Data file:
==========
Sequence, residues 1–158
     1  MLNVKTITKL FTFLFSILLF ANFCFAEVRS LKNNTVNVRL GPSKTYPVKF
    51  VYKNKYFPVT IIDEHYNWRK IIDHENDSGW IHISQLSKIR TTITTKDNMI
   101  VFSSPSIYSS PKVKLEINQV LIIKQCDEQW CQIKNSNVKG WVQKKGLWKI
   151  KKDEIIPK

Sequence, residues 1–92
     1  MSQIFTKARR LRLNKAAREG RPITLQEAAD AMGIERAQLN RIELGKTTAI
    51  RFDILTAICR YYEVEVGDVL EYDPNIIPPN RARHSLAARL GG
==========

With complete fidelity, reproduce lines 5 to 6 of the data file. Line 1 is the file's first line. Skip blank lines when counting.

   151  KKDEIIPK

Sequence, residues 1–92